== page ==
Stakeholder Theory

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Aligning your business values with stakeholder values.

The stakeholder theory developed by R. Edward Freeman in the 1980s was designed to overcome the limitations of the shareholder-centered view of corporate management. Freeman argued that the exclusive focus on shareholders neglects other important groups whose interests are crucial to the long-term success of the company.

Stakeholder theory states that a company should create value not only for shareholders, but for all stakeholders, including employees, customers, suppliers, communities and other groups affected by the company's activities.

The stakeholder concept is applied in organizational management, as well as in change management and project management. It has a strong ethical component and attempts to provide a holistic view of the impact of corporate behavior on all stakeholders and affected parties. For this reason, stakeholder theory is also used when it comes to corporate social responsibility.

Application in companies

In practice, companies apply stakeholder theory by identifying their stakeholders and engaging with them to understand their needs and concerns. This often involves the following:

  • Stakeholder analysis: Identifying stakeholders to determine their influence and interests.
  • Stakeholder management: Developing strategies for managing relationships with different stakeholder groups.
  • Change management: integrating stakeholder feedback into decision-making processes.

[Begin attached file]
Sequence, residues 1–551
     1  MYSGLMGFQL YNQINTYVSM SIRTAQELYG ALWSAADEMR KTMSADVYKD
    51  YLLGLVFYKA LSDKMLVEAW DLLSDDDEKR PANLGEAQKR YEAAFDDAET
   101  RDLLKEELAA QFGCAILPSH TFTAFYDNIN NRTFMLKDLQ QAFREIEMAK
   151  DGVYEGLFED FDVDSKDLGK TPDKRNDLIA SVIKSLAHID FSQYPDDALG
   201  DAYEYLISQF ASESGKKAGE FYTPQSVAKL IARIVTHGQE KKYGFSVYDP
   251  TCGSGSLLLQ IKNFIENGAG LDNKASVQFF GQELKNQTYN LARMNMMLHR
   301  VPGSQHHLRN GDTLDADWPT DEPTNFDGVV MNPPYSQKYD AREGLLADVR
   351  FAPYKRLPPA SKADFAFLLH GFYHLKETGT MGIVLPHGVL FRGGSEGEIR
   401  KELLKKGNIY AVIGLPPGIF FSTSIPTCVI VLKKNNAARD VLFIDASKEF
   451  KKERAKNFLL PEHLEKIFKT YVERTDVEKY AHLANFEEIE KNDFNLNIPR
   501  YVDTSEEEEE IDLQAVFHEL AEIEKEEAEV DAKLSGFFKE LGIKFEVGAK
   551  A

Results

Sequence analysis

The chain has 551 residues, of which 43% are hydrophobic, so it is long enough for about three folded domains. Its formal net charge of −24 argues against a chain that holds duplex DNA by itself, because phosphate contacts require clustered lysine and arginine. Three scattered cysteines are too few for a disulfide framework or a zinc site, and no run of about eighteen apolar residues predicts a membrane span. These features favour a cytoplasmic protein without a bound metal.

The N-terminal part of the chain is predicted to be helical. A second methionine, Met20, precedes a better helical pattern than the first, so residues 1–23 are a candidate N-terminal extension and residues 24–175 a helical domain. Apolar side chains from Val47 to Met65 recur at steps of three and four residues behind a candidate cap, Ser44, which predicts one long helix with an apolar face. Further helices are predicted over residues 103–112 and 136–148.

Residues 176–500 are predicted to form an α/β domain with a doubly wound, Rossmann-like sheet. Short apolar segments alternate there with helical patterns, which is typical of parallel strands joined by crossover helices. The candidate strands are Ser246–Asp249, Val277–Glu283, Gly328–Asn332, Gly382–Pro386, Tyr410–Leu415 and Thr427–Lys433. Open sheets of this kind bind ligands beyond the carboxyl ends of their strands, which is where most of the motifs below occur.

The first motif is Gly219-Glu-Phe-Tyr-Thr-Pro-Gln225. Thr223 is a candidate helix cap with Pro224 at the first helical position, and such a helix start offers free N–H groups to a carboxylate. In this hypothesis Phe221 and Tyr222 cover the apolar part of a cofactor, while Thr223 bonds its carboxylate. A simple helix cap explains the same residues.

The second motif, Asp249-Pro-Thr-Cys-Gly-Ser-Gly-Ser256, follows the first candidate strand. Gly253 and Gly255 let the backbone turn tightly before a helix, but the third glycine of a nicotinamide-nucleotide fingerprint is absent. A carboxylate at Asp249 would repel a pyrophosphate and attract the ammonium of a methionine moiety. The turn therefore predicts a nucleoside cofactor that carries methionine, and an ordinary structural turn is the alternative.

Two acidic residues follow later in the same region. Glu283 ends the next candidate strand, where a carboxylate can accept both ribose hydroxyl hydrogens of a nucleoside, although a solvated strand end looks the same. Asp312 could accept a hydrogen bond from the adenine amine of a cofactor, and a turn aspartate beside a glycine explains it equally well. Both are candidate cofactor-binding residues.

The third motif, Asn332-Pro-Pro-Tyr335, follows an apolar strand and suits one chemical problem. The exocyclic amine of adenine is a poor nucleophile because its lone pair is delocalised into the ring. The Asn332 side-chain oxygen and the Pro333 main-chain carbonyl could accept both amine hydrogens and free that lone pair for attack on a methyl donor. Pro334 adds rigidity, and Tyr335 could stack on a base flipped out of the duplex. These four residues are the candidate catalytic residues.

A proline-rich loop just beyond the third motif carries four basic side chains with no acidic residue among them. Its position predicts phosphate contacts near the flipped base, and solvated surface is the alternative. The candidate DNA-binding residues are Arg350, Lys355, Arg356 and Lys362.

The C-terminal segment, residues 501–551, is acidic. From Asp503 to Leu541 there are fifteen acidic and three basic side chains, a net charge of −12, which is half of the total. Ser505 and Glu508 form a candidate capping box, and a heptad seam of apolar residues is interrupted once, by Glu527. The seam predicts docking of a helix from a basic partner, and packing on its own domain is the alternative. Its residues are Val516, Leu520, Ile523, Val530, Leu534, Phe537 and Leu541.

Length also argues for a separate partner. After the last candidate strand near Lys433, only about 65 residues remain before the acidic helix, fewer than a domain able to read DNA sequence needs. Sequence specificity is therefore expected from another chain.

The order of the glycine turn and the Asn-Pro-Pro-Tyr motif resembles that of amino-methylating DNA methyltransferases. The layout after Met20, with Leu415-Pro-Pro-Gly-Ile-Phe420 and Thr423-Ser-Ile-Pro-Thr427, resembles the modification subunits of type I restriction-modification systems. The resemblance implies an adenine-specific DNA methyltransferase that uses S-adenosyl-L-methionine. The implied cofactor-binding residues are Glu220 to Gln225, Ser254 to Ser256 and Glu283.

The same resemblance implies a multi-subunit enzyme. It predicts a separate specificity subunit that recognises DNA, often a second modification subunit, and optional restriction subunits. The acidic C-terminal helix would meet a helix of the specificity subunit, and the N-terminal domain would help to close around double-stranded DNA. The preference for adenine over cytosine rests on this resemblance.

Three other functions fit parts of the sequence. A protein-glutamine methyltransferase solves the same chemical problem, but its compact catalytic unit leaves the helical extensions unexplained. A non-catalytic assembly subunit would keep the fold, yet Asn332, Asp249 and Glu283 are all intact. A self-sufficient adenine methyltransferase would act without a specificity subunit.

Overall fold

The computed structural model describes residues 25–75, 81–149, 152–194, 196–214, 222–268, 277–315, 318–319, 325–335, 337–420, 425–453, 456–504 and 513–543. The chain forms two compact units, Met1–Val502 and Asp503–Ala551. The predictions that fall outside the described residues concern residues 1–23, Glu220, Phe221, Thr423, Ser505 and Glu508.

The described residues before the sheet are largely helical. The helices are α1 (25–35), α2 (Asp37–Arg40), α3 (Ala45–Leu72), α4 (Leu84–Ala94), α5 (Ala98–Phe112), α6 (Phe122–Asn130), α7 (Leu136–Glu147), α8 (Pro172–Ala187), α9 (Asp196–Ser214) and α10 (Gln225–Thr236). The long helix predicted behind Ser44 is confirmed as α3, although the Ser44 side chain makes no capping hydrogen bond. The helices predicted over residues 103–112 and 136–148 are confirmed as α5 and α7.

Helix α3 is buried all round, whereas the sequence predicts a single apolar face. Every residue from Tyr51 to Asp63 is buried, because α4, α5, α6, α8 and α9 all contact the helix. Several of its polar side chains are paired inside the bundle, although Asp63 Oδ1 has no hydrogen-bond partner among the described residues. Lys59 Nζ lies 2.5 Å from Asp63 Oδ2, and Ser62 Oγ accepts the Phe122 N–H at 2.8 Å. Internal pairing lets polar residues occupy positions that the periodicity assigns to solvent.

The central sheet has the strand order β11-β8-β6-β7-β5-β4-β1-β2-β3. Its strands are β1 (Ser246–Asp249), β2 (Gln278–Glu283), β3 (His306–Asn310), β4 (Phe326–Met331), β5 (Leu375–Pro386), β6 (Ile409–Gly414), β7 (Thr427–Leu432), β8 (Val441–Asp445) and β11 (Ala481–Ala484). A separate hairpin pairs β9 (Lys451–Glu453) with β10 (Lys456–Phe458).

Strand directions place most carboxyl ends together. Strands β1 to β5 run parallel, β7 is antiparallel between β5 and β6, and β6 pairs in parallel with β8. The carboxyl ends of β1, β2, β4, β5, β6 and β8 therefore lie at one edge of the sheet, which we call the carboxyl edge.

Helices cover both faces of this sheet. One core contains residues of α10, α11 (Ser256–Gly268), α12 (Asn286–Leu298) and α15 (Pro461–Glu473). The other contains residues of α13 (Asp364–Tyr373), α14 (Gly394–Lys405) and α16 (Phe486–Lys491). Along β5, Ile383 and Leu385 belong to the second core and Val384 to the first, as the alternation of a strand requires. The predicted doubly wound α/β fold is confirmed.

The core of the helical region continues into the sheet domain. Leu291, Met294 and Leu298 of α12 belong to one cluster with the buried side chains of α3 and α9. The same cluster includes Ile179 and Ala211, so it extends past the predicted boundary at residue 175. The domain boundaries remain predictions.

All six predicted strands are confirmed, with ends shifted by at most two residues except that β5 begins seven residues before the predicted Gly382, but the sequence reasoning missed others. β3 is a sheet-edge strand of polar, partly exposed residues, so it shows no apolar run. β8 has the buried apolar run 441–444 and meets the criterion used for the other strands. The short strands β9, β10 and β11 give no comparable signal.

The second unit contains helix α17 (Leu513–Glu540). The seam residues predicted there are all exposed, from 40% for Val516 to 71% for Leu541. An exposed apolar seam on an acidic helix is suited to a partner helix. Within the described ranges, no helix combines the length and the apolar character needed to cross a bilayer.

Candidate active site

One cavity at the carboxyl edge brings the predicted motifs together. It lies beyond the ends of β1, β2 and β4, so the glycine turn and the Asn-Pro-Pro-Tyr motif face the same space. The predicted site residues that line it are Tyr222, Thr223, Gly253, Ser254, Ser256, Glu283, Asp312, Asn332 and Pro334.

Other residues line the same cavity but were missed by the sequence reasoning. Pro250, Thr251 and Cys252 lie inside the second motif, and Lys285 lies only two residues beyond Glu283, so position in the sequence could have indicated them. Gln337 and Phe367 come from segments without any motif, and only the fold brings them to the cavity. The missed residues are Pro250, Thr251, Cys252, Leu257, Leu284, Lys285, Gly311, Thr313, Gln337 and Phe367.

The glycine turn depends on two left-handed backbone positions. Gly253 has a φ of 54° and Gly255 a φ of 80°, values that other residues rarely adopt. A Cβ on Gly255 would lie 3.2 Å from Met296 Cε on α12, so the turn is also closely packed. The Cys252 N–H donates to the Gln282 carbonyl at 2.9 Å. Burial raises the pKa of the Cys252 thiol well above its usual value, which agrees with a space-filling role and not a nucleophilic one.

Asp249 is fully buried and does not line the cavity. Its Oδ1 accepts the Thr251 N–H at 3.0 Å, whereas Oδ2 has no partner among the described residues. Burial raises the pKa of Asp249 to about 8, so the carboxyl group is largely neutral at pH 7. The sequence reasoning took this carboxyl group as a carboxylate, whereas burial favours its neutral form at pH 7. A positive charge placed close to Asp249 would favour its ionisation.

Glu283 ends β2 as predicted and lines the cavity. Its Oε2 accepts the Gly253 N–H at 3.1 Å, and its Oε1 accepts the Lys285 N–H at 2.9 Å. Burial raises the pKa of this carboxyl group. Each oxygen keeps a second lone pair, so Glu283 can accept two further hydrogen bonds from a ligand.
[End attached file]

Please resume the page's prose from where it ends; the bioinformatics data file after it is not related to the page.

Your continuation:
Stakeholder theory is a way of combining the resource-centered and market-centered view of companies with a socio-economic and socio-political perspective. This enables companies to take a more holistic view of their internal and external practices and to better recognize the influence on the various stakeholders and, if necessary, to question and adapt them.

Effects of stakeholder theory on companies

When companies are open to feedback from stakeholders, they can experience the following positive effects:

  • Improved public image: companies that take their stakeholders' interests into account often enjoy a better public image and greater customer loyalty.
  • Risk management: Stakeholder involvement helps to identify and mitigate potential risks at an early stage.
  • Sustainability: A stakeholder-centered approach promotes sustainable business practices that ensure long-term profitability.
  • Innovation: Stakeholder input can drive innovation by identifying new opportunities and unmet needs.

Stakeholder theory in project management

What can have a positive impact on an entire organization can also apply to project management within a team or department. Stakeholder management is an established practice in projects and is crucial for project success. In addition to the structured identification of stakeholders and the categorization of interests, the application of stakeholder theory leads to

  • Improved communication: establishing clear and effective channels for communicating with stakeholders increases transparency and trust.
  • Better conflict resolution: Early identification and involvement of stakeholders helps to promptly address concerns and reduce conflict.
  • Greater project success: Ensuring that the project meets stakeholder needs can lead to greater satisfaction and successful project outcomes.

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